​Falling phablet prices spur sales over smaller smartphones

Phablets that cost as little as $150 will see the larger form factor become a dominant segment of the smartphone market.

Sales of phablets are outpacing those of smaller smartphones, new research has found, and falling prices should see the larger form factor take a larger stake of the overall market in future.

Phablets with screen sizes of 5.5 inches and over accounted for 12.8 percent of all mobile device sold around the world in the fourth quarter of 2014 - their highest share yet, according to a report by analyst firm GfK.

While Asia Pacific has been the region to most enthusiastically adopt larger screen smartphones like Samsung's Galaxy Note range, GfK said phablets' share of the smartphone market has doubled year over year not just there, but also in Europe and the Middle East.

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Phablets' share of all mobile sales in Asia Pacific in the last quarter of 2014 was 17.5 percent, while in the Middle East they accounted for 11.1 percent, and 6.4 percent in Europe.

In Africa, phablets' market share grew modestly over the past year to 5.5 percent, while in Latin America, they accounted for 1.9 percent of all mobile phones, up from 0.4 percent a year ago.

There's no single app that's driving the popularity of the phablet, but their large screen size makes them ideal for consuming media such as games and video. The emergence of cheaper phablets is also helping tip the scales in favour of individuals owning a phablet rather than having both a tablet and a smartphone - particularly in emerging markets.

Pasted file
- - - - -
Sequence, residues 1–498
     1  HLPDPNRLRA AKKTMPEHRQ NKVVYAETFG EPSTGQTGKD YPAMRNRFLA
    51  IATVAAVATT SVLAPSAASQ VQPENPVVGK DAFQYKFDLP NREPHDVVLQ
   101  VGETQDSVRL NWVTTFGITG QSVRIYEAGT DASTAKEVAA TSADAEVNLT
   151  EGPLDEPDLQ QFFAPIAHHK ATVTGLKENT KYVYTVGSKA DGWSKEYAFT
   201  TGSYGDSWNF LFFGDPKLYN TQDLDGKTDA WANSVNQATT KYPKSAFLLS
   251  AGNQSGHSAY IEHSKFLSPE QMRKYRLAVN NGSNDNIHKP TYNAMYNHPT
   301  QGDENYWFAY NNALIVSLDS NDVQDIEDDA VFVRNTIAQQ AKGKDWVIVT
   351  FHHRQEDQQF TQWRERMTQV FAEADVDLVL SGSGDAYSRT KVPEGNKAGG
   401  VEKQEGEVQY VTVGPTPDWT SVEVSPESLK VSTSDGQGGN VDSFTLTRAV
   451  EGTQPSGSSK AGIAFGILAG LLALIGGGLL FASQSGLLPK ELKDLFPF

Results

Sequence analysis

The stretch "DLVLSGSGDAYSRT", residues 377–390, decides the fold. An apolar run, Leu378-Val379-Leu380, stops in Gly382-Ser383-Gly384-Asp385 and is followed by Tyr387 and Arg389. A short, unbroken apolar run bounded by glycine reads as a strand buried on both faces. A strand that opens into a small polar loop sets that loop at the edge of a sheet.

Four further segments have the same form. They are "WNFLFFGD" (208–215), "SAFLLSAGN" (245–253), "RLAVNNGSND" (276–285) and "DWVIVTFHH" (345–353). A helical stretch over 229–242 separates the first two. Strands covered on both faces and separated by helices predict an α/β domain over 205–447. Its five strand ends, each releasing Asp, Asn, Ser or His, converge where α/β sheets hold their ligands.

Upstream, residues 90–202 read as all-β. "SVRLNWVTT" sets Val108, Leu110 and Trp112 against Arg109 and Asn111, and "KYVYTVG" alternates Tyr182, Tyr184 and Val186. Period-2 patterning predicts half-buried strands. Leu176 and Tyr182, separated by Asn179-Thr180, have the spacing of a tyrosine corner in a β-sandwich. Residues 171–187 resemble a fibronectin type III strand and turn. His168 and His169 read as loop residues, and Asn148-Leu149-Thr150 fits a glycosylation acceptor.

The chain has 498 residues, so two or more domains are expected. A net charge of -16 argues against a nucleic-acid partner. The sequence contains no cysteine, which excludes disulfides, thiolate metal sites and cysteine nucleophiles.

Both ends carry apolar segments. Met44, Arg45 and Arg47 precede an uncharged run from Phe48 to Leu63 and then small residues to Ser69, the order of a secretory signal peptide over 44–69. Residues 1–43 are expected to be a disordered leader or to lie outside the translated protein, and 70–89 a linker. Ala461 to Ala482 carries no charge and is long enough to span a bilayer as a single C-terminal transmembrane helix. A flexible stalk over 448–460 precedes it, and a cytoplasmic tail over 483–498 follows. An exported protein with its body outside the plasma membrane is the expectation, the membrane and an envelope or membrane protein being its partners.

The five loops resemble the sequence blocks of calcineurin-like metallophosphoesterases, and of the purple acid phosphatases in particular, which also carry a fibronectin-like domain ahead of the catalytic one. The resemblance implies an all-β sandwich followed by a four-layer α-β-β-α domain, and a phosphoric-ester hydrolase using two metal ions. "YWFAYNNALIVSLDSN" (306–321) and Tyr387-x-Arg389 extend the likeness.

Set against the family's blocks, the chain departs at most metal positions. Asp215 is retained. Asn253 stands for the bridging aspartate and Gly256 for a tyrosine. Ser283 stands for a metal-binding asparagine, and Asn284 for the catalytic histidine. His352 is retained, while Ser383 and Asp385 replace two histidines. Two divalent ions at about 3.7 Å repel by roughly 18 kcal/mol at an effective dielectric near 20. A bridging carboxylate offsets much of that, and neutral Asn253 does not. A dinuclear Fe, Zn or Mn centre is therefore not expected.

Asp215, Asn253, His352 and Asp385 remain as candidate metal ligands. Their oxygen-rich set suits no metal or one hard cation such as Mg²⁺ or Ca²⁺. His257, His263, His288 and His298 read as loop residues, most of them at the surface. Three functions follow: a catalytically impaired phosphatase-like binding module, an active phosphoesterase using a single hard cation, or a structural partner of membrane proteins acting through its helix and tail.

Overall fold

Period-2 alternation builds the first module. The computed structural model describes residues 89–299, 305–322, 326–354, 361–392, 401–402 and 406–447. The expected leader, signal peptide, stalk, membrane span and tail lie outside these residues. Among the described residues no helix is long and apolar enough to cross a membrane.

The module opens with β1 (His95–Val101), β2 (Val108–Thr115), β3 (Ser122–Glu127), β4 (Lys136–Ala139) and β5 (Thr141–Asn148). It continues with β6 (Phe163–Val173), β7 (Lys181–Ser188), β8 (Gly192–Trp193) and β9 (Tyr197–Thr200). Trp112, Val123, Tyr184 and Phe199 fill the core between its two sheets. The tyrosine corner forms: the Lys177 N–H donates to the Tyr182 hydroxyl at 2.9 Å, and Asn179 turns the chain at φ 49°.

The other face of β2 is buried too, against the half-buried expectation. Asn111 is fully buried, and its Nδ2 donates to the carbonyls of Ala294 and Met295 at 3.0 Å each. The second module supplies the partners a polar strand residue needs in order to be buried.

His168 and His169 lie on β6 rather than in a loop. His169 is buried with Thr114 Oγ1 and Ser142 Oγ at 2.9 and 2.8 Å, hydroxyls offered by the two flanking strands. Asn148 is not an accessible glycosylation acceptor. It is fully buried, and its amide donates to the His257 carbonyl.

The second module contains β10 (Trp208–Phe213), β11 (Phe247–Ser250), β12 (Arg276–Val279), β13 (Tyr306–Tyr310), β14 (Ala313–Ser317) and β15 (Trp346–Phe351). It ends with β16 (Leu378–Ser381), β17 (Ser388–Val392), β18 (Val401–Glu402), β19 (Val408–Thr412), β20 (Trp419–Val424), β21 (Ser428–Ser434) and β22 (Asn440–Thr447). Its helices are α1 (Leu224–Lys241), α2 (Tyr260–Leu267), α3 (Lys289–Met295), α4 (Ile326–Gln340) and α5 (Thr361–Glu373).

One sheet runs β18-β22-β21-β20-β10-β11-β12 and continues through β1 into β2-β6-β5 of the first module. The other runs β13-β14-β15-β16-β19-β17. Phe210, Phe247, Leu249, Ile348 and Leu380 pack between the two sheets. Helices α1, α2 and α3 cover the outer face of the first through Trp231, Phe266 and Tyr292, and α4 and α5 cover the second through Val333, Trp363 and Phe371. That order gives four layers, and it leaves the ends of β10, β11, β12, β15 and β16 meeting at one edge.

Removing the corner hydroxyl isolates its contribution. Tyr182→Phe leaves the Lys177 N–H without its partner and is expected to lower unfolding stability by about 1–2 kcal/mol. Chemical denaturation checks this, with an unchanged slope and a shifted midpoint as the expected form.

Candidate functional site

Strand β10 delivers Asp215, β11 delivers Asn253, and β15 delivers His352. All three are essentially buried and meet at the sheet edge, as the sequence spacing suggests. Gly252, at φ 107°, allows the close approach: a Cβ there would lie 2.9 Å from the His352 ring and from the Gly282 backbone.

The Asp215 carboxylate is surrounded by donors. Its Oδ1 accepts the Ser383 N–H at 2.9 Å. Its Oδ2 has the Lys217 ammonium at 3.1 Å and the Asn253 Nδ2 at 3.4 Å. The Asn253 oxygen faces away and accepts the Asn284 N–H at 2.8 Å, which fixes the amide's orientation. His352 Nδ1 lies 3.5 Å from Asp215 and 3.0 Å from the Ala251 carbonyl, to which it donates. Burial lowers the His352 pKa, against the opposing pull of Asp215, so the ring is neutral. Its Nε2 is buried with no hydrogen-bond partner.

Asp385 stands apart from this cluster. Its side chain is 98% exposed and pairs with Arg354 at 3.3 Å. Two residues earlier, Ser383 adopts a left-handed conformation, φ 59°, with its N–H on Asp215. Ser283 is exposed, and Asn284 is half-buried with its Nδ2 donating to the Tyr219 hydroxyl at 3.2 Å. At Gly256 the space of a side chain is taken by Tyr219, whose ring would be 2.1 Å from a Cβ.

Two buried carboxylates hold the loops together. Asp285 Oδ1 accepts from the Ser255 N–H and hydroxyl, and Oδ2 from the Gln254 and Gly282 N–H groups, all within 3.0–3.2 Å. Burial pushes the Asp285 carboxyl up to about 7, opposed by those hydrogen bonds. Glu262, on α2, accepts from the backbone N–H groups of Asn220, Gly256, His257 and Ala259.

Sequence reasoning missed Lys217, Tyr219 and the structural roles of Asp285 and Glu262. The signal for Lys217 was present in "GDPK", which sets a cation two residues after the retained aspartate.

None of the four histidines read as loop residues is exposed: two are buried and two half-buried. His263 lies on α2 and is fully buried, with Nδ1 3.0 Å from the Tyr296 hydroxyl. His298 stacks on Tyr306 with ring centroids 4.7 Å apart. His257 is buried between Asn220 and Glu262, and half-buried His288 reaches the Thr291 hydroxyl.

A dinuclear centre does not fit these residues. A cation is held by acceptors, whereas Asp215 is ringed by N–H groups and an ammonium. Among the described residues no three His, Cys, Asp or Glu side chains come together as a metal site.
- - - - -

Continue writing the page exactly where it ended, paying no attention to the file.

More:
"This means emerging markets will have a crucial role to play in their rise, and we expect to see sales increase in Africa and Latin America in 2015 and beyond," Arndt Polifke, global director of telecoms at GfK, said.

Currently however, average phablet prices are still relatively high compared to some popular low-end smartphones such as the new $150 Moto E.

According to GfK, in the fourth quarter of 2014, the average selling price for a phablet in Europe was $761, followed by Latin America at $631, Africa at $625, the Middle East at $511, and Asia Pacific at $466.

But that's rapidly changing, Polifke noted, with the emergence of phablets for $150 or less. One such handset is Xiaomi's 4G Red Rice Note, which retails in China for RMB 899 ($143). Xiaomi's smartphones are sold in India, Singapore, and Taiwan but have yet to make the leap to Europe and the US.

Analyst firm Juniper Research released a report earlier this year forecasting that 400 million phablets would be sold in 2019, five times the estimated 138 million to be shipped in 2015. The researcher expects phablets to account for 20 percent of all mobile devices shipped in the next four years. Juniper expects the emergence of cheaper phablets to drive mainstream adoption around the word.

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